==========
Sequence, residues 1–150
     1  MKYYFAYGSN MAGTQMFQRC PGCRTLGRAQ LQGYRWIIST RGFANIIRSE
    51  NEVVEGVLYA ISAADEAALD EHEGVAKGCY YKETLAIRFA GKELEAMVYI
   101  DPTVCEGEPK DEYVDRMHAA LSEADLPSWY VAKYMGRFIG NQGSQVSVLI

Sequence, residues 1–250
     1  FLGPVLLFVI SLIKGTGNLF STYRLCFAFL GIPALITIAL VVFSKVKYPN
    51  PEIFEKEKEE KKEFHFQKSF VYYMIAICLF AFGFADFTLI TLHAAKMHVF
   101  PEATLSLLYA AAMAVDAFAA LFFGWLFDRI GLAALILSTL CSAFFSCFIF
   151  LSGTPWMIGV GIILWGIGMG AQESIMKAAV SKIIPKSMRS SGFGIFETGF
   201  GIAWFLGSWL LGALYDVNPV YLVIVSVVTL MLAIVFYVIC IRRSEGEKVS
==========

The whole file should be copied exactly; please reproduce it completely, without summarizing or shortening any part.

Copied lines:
Sequence, residues 1–150
     1  MKYYFAYGSN MAGTQMFQRC PGCRTLGRAQ LQGYRWIIST RGFANIIRSE
    51  NEVVEGVLYA ISAADEAALD EHEGVAKGCY YKETLAIRFA GKELEAMVYI
   101  DPTVCEGEPK DEYVDRMHAA LSEADLPSWY VAKYMGRFIG NQGSQVSVLI

Sequence, residues 1–250
     1  FLGPVLLFVI SLIKGTGNLF STYRLCFAFL GIPALITIAL VVFSKVKYPN
    51  PEIFEKEKEE KKEFHFQKSF VYYMIAICLF AFGFADFTLI TLHAAKMHVF
   101  PEATLSLLYA AAMAVDAFAA LFFGWLFDRI GLAALILSTL CSAFFSCFIF
   151  LSGTPWMIGV GIILWGIGMG AQESIMKAAV SKIIPKSMRS SGFGIFETGF
   201  GIAWFLGSWL LGALYDVNPV YLVIVSVVTL MLAIVFYVIC IRRSEGEKVS